THOR is the latest in the ever-growing and long list of female-centric titles that continues to invite new readers into the Marvel Universe. This female THOR is the 8th title to feature a lead female protagonist and aims to speak directly to an audience that long was not the target for Super Hero comic books in America: women and girls.

Now that coupled with the announcement of the book on The View indicates, ever to subtly, that this books was being marketed as something that actual women who are non-comics-averse might be curious about. I’ve seen some suggestions that there were big political machination behind all this, and I’m sure there’s a story there, but we’ll take it at face value for now. As I’ve indicated before, Marvel/Disney are big on customer info, and about a year ago they started being way more female reader friendly, so obviously something is happening.

Sue at DCWKA took the Marvel statement as the occasion for a much deserved victory lap:

Say what? I’m sorry what was that? Is Marvel actually saying they want female readers? That they are now targeting female readers? 

Why yes they are.

It’s almost worth the amount of trolling, attacks, rape threats and other shit I’ve experienced to see this.

Of course, DC Comics also seems to be finally finding the female audience worthy of their attention. Nothing as clear cut as Marvel did above but the recent Batgirl respin and Gotham Academy are clearly going after that audience and I was told by folks close to those books that women are definitely are a target.

Two years ago Heidi McDonald wrote a great story  (that I disagreed with) about how Marvel and DC would never truly [target] female readers.

But now? Something has changed at both publishers.

Is it real? Will it last? Who knows?

But I will say I am enjoying it.

It’s true that two years ago I felt that the place of superheroes as the great hope for boys entertainment at both WB and Disney meant that aiming them squarely at the male demographic was in their corporate interests. Since then, female consumership of all kinds of media has become a lot more obvious via social media and so maybe a dollar is a dollar. (See Box-Office Woes: Age and Gender Gap Helping Fuel Summer Decline.)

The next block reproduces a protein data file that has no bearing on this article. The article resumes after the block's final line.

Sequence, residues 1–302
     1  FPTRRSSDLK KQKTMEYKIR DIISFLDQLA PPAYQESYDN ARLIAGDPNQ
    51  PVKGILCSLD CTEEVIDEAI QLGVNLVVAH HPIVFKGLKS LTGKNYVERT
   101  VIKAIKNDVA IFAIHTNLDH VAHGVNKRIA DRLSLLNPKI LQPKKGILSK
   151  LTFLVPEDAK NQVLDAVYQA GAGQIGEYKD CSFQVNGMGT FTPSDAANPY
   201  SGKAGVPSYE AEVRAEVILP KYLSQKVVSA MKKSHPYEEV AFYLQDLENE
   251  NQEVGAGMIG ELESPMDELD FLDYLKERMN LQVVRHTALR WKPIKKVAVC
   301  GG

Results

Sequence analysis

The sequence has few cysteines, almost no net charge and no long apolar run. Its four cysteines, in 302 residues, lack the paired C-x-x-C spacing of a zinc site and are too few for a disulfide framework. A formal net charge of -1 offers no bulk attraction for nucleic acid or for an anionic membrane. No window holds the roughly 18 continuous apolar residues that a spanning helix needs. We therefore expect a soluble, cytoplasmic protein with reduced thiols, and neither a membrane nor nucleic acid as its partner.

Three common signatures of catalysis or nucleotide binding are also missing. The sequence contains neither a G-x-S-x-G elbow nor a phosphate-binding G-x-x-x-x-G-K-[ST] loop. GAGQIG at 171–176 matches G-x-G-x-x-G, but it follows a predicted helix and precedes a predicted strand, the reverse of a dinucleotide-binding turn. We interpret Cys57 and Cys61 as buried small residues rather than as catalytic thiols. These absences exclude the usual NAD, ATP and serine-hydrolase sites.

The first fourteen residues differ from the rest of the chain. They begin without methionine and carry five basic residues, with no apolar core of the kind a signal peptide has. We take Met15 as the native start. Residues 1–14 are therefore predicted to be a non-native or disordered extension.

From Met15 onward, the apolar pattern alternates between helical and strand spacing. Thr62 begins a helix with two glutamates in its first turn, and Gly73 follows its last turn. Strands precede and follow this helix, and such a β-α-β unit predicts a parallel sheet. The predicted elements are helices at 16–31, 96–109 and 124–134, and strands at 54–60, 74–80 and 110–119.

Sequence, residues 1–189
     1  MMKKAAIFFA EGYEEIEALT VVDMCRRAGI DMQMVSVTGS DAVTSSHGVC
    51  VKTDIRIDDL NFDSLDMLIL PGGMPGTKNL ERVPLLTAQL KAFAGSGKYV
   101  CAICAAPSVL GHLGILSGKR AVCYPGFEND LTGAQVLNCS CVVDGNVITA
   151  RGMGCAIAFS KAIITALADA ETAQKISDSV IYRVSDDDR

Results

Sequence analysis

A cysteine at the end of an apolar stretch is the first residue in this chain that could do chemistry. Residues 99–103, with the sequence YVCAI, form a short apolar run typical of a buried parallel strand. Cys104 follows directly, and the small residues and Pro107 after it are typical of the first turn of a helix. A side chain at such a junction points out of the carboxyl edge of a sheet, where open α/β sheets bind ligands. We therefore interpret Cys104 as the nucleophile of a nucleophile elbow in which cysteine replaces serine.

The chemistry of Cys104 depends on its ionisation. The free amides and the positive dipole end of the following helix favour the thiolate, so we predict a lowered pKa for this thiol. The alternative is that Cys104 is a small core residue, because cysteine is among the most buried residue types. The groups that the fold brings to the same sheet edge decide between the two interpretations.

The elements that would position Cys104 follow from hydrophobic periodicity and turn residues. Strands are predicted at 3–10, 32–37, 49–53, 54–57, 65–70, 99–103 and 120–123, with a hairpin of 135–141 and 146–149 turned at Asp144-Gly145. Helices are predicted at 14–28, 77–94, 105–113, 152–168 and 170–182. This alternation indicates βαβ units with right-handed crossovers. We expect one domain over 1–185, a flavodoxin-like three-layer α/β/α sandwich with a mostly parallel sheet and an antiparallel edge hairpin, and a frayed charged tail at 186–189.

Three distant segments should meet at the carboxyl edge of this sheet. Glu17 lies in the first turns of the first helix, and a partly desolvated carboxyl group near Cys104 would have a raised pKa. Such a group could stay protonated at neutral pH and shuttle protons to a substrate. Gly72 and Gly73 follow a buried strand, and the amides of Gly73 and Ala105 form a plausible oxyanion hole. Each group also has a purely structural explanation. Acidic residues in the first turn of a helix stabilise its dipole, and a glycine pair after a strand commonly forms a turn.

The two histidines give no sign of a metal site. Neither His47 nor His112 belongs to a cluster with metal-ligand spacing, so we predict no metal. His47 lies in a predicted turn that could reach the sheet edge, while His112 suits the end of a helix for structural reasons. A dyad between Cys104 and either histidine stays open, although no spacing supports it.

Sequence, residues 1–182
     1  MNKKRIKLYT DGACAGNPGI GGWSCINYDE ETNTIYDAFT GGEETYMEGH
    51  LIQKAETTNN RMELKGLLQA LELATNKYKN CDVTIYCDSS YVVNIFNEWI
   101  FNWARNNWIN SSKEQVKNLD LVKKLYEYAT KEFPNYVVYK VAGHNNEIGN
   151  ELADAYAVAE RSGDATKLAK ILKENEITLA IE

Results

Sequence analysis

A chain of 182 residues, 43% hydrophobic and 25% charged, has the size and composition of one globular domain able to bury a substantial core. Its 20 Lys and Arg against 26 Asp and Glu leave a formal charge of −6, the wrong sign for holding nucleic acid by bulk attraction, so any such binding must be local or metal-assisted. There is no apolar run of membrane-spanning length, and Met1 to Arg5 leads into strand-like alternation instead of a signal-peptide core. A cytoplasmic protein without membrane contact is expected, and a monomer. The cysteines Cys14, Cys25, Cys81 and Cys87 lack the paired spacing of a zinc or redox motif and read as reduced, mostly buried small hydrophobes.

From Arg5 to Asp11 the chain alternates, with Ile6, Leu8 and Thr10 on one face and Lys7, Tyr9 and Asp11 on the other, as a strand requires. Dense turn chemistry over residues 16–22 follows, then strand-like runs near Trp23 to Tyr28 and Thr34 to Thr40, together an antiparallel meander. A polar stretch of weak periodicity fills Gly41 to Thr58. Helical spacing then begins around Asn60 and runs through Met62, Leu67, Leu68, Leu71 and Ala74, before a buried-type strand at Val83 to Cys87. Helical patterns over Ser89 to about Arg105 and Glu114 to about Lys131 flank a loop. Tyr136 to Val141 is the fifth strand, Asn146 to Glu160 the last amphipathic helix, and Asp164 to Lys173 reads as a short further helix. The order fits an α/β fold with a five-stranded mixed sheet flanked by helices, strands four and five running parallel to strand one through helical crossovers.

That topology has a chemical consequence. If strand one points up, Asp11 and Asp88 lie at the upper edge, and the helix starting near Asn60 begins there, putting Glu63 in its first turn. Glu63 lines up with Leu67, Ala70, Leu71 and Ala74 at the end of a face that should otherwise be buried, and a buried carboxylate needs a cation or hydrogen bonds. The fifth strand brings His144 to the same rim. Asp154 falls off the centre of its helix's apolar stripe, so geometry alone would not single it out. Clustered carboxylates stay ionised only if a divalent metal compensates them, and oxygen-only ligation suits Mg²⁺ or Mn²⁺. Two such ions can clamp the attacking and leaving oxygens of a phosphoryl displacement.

It is also possible that superheroes are just SO IRRESISTIBLE to EVERYONE that even girl cooties can’t destroy boy interest in them. The success of Marvel’s movies would seem to be the prime evidence of that.

Anyway, yesterday was a busy day but I took a peek back at Brett’s original post and scanned the comments, which are a fleet of brittle ocean liners of denial in a troubled sea of floating demographic icebergs. These comments also aroused a new round of response on twitter, from dismay to agreement. But in the comments a matter was broached by Kurt Busiek that is far more telling, to me anyway: why the female readership of the comics medium dwindled so much in the 80s that it’s taken us 30 years to admit that it might actually exist.

Girls have always read comics.

They read early newspaper strips. They read early superhero comics. They certainly read romance comics and humor comics in the 40s and 50s and on through the 60s. (Trina Robbins‘s research deiscovered readership statements from the 50s that showed a bit more 50% of the comics readership was female.) They read Archies. They read later newspaper strips, in fact they read them to this day.

But of course, in the 70s, the newsstand distribution system for cheap comics dissolved, to be replaced by the direct sales market, a business run by passionate fans of mostly superhero comics, a group that was heavily male, as early fanzines show. The other day John Jackson Miller did a major analysis of Archie sales through the years (which got picked up by Fivethirtyeight.com, go John!) and it included this chart of Archie newsstand sales, according to Post Office statements:
Not too much to argue with there. Without newsstands and their broad, non fanatic readership, Archie sales struggled. And since the readership was significantly female, you can see right there where the girls went away. 

We were left with a period, lasting to this day although drifting away as the dawn breaks up a fog, in which a factual situation that was demonstrably historically true—women reading comics—simply became nonexistent.
Scary, isn’t it?

I’m not sure why it is so, so important that the comics medium remain a boys club to so many men. Guys, you can read what you want and no one will ruin it just by liking Lucy Knisley or Moto Haggio. I think it’s fine to have boy-focused material like Batman or Spider-Man or whatever, as long as you don’t use boy focused material as “proof” that women don’t read comics. It’s like saying that just because guys overwhelmingly like Transformers movies, women don’t like any movies. 

It’s exactly like that.

Luckily, as I’ve said here many times, the internet has revealed some truths that gatekeeper media did its best to suppress. So now we see cartooning schools overwhelmingly female, conventions about 40% female, bestselling female cartoonists, award winning female cartoonists, popular female characters, and lots of women who demonstrably provably read and enjoy the comics medium. 

Are the numbers in Brett’s Facebook research writ in granite? No. But since FB mostly exists as a giant marketing tool, it’s kind of what this sort of research was made to do. It isn’t voodoo, it isn’t lies, it isn’t damn lies, it’s just statistics. Statistics which are generally born out by other demographics that we’re seeing.

Perhaps most amusing about all this is concern trolling by those who claim to want to get comics back to “the mainstream” by getting back on “newsstands.” I got news for ya hub, we have a new newsstand it’s called digital and the mainstream—just as it was for the first 70 years or so of the comics medium’s existence in the US—appeals to a fairly broad demographic.